Chris Amon

New Zealand

  • Bulls, New Zealand Place of Birth
  • 20 July 1943 Date of Birth
  • 1963 Monaco Grand Prix F1 Debut
  • Frank Williams Racing Cars Current/Last Team

Christopher Arthur Amon MBE was born in Bulls, New Zealand. As a former Formula 1 driver active in the 1960s and 1970s, he is widely regarded as one of the best drivers never to win a championship Grand Prix. His reputation for bad luck was so strong that fellow driver Mario Andretti once joked, “If he became an undertaker, people would stop dying.”

NationalityNew Zealander
BornChristopher Arthur Amon
20 July 1943
Bulls, New Zealand
Died3 August 2016 (aged 73)
Rotorua, New Zealand

Chris Amon was the only child of wealthy sheep-owner Ngaio Amon. After leaving school, he convinced his father to buy him an Austin A40 Special, which he entered in minor local races and hill climbs. He then progressed to a 1,500cc Cooper and an old Maserati 250F, but he began to draw attention while driving the Cooper previously used by Bruce McLaren to win his first Grand Prix.

In 1962, Amon entered the Cooper for the New Zealand winter series, but mechanical problems hampered his performance. However, his impressive performance in the rain at Lakeside with Scuderia Veloce caught the eye of English racing driver Reg Parnell, who persuaded Amon to race for his team in England. Amon continued to impress during tests and pre-season races, leading to his entry into Formula 1.

For the 1963 F1 season, the Parnell team used year-old Lola cars with Climax V8 engines. Amon teamed with the experienced Maurice Trintignant, faced typical bad luck, including mechanical failures and accidents. Despite this, he usually qualified in the midfield and generally outpaced his teammates, including his friend Mike Hailwood. His best results of the year were seventh at the 1963 French and British Grand Prix.

Amon’s social life was also notable, as he was a member of the Ditton Road Flyers, a social set named after the road in London where he lived with Peter Revson, Hailwood, and Tony Maggs. Despite the challenging year, Parnell promoted Amon to lead driver. However, tragedy struck when Reg Parnell died from peritonitis in January 1964, and his son Tim took over the team.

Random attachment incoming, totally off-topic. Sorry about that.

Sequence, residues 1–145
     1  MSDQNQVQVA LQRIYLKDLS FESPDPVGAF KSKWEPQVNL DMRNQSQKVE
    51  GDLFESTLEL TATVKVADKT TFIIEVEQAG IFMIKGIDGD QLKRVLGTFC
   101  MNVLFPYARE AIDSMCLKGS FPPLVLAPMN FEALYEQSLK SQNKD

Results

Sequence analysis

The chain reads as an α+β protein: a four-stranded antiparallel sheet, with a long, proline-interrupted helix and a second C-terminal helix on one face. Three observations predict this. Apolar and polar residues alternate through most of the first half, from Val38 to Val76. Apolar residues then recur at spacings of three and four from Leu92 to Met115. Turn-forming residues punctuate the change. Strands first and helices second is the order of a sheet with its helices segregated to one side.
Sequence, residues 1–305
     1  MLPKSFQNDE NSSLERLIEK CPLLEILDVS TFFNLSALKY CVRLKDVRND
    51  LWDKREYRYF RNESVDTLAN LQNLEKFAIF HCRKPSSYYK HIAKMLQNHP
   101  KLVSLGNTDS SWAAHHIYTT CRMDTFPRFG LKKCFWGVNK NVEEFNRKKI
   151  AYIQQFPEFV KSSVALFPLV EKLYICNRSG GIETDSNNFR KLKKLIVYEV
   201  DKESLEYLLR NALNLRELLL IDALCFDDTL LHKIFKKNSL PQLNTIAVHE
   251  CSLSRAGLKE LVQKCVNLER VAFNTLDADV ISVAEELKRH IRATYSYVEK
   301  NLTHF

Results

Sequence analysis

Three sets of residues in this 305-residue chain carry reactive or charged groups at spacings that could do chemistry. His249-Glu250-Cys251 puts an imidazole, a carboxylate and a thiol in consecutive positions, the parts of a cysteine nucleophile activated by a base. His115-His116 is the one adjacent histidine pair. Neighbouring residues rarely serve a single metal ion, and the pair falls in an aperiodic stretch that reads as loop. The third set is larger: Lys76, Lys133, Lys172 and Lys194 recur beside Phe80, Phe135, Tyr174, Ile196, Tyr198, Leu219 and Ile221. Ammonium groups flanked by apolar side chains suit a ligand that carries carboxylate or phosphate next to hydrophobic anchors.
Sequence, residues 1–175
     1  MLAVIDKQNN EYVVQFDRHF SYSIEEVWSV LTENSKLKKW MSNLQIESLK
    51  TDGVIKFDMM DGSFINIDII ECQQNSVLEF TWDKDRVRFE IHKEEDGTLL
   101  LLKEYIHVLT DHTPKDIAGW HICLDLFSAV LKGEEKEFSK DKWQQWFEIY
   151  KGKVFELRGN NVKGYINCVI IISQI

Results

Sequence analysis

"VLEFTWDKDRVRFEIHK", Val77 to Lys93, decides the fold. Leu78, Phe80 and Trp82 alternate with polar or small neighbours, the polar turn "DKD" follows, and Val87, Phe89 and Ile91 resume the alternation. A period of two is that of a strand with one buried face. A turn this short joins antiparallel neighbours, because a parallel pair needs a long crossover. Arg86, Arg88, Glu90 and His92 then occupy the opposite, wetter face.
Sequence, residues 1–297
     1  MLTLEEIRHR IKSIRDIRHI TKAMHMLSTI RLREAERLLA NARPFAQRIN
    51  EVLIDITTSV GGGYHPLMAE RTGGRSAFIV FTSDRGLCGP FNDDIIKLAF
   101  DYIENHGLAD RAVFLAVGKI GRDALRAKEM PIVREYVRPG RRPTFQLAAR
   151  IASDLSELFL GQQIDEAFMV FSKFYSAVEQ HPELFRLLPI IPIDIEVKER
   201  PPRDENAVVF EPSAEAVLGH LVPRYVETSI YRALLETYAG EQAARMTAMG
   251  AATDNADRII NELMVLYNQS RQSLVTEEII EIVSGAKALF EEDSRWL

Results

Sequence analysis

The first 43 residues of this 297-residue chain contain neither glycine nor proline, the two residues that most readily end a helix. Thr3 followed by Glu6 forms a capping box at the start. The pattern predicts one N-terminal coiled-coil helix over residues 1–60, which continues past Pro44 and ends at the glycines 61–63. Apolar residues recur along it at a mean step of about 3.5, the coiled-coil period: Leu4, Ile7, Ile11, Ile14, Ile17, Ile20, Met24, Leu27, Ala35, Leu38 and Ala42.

In 1964, Amon recorded three fifth-place finishes in pre-season races but faced mechanical problems throughout the season. Parnell was offered BRM engines for 1965, but only if Richard Attwood was the regular driver, leading Amon to be replaced. Bruce McLaren quickly signed Amon for his new team, but without a second McLaren F1 car, Amon primarily drove in CanAm races.

Amon rejoined Parnell for the 1965 French Grand Prix to stand in for an injured Attwood and was promoted to second driver for the 1965 German Grand Prix, though mechanical failures continued to plague his races. He ended the year driving a Brabham at the 1965 Italian Grand Prix under the “Chris Amon Racing” banner but failed to qualify.

Amon’s biggest success to date came in 1966 when he partnered with Bruce McLaren to win the 24 Hours of Le Mans in a 7-litre Ford GT40 Mark II. This victory led to an invitation to meet Enzo Ferrari, resulting in Amon signing with Ferrari for the 1967 season.